Azzarello brings '100 Bullets' sensibility to 'Wonder Woman,' 'Spaceman'

Andrew A. Smith

Scripps Howard News Service


Some things never change. One is human nature. Another is the vivid way writer Brian Azzarello brings human nature to life.


“I go back to the same poisoned well over and over,” laughed Azzarello, writer of the critically acclaimed crime noir 100 Bullets, the upcoming dystopian Spaceman and the critically praised relaunch of Wonder Woman.  


The Amazing Amazon, despite being the world’s best-known superheroine, has had uneven sales and quality over the decades.  DC Entertainment is attempting to rectify that with the new Wonder Woman #1 ($2.99), released Sept. 21 as part of the publisher’s 52-title, one-month relaunch of its entire superhero line.


Early buzz labeled the new Wonder Woman a horror book, but Azzarello disagreed with that assessment. “You need the good to define the bad,” he said. “And that’s where she comes in.” DC editor-in-chief Bob Harras also rejected the label in an interview last week, saying that the presence of horror elements just means “there’s more at stake.”


And there’s no question that the first issue is a shocker. We see Diana – that’s what she asks to be called – in a bloody battle with a mythological twist. Meanwhile, a Greco-Roman god is impaled on a spear. Another uses human sacrifice to achieve his aims.


All that mythology in the first issue promises to play a strong role in the series as a whole. The Greco-Romans are sort of the “original” crime noir stories, Azzarello said, full of “selfish” and “twisted” motivations. “What a family, huh?” he laughed about Zeus and his brood.


Of Diana herself we learn very little in the first issue. Azzarello did warn that Wonder Woman’s usual romantic interest, Steve Trevor, won’t play any role in his version. There will be a Paradise Island, he said, but hinted darkly, “It’s paradise only in name. … It’s not a happy place.”


Azzarello has proved resoundingly that “not happy” is something he does very well. His intricate crime noir 100 Bullets ran for 100 issues, and has proven popular enough to be reprinted once already in 13 trade paperbacks, and is now scheduled to be reprinted again in five oversized, hardcover collections, with volume one arriving in October ($49.99). That 10-year monthly grind was hard on artist Eduardo Risso, but Azzarello himself loved immersing himself in murky criminal thoughts and vile, selfish motivations.


“Oh, I miss those days!” he laughed. “It was so much fun to write those characters.”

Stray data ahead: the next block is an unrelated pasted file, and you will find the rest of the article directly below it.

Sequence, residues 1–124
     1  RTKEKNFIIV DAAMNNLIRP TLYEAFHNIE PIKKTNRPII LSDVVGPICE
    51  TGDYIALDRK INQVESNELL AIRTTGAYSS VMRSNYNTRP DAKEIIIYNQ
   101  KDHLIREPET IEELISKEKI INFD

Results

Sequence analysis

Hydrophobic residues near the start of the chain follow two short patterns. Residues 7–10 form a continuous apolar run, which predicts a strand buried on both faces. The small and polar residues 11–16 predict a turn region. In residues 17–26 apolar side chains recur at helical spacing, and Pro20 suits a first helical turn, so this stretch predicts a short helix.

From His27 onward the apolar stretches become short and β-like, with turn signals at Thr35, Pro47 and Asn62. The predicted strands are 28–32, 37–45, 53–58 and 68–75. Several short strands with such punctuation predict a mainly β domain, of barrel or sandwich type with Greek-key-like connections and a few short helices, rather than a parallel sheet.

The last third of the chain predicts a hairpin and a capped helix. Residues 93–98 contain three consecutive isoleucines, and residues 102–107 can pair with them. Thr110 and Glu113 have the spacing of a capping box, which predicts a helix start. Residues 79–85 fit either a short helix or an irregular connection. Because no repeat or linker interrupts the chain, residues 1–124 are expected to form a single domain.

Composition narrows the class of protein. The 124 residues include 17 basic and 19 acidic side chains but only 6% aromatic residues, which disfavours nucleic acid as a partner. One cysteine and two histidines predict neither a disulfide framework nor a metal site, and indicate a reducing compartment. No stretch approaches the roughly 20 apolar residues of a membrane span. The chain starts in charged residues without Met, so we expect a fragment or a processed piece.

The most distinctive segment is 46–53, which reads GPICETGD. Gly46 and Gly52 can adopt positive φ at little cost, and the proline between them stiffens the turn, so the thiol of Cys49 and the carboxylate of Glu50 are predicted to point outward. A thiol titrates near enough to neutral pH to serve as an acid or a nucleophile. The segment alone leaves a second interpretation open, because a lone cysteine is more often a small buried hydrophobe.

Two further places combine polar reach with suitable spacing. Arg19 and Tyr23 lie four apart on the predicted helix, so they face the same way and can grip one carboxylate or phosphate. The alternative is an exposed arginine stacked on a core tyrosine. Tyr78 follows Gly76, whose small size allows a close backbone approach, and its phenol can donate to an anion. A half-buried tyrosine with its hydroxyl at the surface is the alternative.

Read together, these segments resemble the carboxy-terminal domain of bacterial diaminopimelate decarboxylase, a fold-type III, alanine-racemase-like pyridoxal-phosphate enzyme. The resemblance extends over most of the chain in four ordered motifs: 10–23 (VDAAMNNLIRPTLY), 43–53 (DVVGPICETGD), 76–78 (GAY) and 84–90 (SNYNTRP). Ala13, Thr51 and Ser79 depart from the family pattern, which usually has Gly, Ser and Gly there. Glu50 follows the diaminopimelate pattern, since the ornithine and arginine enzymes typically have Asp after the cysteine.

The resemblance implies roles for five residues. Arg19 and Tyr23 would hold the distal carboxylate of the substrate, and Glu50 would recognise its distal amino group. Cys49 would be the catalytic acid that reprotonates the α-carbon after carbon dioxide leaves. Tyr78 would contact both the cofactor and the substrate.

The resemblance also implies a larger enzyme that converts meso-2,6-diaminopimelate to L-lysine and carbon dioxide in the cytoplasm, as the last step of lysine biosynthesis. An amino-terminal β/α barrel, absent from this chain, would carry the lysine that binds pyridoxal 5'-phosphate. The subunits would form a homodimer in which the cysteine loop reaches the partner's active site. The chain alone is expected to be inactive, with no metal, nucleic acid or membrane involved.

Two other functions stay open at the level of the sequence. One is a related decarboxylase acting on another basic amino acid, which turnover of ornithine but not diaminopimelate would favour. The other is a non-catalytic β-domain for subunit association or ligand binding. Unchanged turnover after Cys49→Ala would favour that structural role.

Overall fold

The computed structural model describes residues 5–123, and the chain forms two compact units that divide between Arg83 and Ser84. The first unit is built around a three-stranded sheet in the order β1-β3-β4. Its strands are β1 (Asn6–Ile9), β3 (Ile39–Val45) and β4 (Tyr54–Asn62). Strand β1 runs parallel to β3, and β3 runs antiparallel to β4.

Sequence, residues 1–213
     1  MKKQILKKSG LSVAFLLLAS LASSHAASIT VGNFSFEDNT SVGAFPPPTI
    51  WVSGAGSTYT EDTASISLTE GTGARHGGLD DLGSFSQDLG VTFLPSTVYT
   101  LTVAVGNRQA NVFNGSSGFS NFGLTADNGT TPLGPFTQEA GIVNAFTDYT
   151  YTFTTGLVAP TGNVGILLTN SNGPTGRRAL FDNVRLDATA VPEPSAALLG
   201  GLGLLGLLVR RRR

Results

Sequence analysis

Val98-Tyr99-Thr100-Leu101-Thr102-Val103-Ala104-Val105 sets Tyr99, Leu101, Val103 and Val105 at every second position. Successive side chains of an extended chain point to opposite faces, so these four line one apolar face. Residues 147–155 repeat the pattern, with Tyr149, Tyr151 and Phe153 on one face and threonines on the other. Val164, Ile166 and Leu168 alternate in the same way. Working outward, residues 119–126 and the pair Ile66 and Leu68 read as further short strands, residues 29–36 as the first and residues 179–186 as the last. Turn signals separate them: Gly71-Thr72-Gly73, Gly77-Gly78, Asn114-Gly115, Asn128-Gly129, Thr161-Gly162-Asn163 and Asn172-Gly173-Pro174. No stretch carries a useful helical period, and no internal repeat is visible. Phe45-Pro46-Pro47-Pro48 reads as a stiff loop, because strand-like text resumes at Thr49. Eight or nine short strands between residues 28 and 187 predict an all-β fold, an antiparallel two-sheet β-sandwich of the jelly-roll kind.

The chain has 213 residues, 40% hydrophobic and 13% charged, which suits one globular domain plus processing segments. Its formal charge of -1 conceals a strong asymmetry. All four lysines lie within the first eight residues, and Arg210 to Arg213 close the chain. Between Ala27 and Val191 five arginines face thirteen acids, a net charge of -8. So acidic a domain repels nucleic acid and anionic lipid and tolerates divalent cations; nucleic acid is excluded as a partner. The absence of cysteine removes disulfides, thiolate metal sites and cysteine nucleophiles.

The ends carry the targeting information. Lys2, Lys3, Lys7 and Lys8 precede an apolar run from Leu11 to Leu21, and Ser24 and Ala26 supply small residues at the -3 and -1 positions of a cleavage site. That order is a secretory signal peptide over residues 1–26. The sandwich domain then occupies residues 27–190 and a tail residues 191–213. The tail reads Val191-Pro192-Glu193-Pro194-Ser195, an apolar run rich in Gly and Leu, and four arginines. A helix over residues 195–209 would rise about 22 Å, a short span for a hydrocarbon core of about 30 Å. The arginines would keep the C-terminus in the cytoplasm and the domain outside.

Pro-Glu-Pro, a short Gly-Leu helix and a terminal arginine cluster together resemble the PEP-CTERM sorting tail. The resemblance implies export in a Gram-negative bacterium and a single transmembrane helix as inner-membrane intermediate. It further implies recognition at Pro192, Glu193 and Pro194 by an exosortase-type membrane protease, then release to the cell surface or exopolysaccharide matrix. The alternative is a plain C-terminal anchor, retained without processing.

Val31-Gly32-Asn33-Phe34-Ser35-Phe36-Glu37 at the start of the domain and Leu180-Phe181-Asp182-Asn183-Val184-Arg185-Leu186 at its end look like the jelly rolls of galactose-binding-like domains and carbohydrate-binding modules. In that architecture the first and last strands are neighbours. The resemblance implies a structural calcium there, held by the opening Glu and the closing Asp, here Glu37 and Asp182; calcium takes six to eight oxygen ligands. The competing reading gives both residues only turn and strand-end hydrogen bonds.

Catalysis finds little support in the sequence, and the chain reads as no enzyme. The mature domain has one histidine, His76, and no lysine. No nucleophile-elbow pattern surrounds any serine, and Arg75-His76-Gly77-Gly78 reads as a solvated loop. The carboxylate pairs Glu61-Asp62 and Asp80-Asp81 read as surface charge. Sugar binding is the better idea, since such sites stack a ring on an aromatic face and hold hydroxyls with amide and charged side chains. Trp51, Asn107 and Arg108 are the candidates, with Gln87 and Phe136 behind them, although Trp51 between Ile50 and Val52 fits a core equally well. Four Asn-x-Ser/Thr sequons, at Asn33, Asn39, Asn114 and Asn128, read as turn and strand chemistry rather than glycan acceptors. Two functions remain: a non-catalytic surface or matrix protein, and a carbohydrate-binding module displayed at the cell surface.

But while 100 Bullets is a story with a definite end, it’s not the end of those types of characters. Azzarello is “taking them out again,” not only in Wonder Woman but in a new series titled Spaceman beginning Oct. 26.


Spaceman is set in a near future where children bred for a trip to Mars never go, due to an economic and environmental collapse. It’s not science fiction, Azzarello said, so much as it is “science hell.”


One of those Earth-bound “Martians” is Orson (named for Orson Welles), a huge, lonely loser collecting scrap, who gets caught up in a child-kidnapping case. He “has a good heart,” Azzarello said, “but only Mother Teresa has never given in to temptation.”


Azzarello is paired on Spaceman with his 100 Bullets artist, and he couldn’t be happier. Azzarello said “nobody can touch” Risso’s layouts and “acting” – body posture and facial expressions. “And when you see this sort of crummy world” that Risso depicts in Spaceman, “it’s inspiring.”


Azzarello also brags on his artist on Wonder Woman, Cliff Chiang. “He’s really killing it,” the writer said. “I’m so proud of these books. I’m in love with Wonder Woman!”


Although it didn’t start that way. Azzarello said he went to dinner with DC co-publisher Dan DiDio to pitch a different character. But when he heard the plans for Wonder Woman, he found himself arguing to use his ideas for the Amazon princess instead.


Now he finds himself complicating her life with the most ancient of crime families – the Greco-Roman pantheon.


“Some of those Gods have on one hand the most honorable of intentions,” he said, “and on the other absolute selfishness.” Because whether it’s ancient Greece, Wonder Woman’s present, or a grim future, human nature simply doesn’t improve.


“Those things haven’t changed,” Azzarello said gleefully. “People get just as jealous today as they did then. Emotionally I don’t think we’ve changed. … In Spaceman, in the future, emotionally we’re not going to change.”


Which gives the new Wonder Woman writer a lot to work with.


Contact Andrew A. Smith of the Memphis Commercial Appeal at



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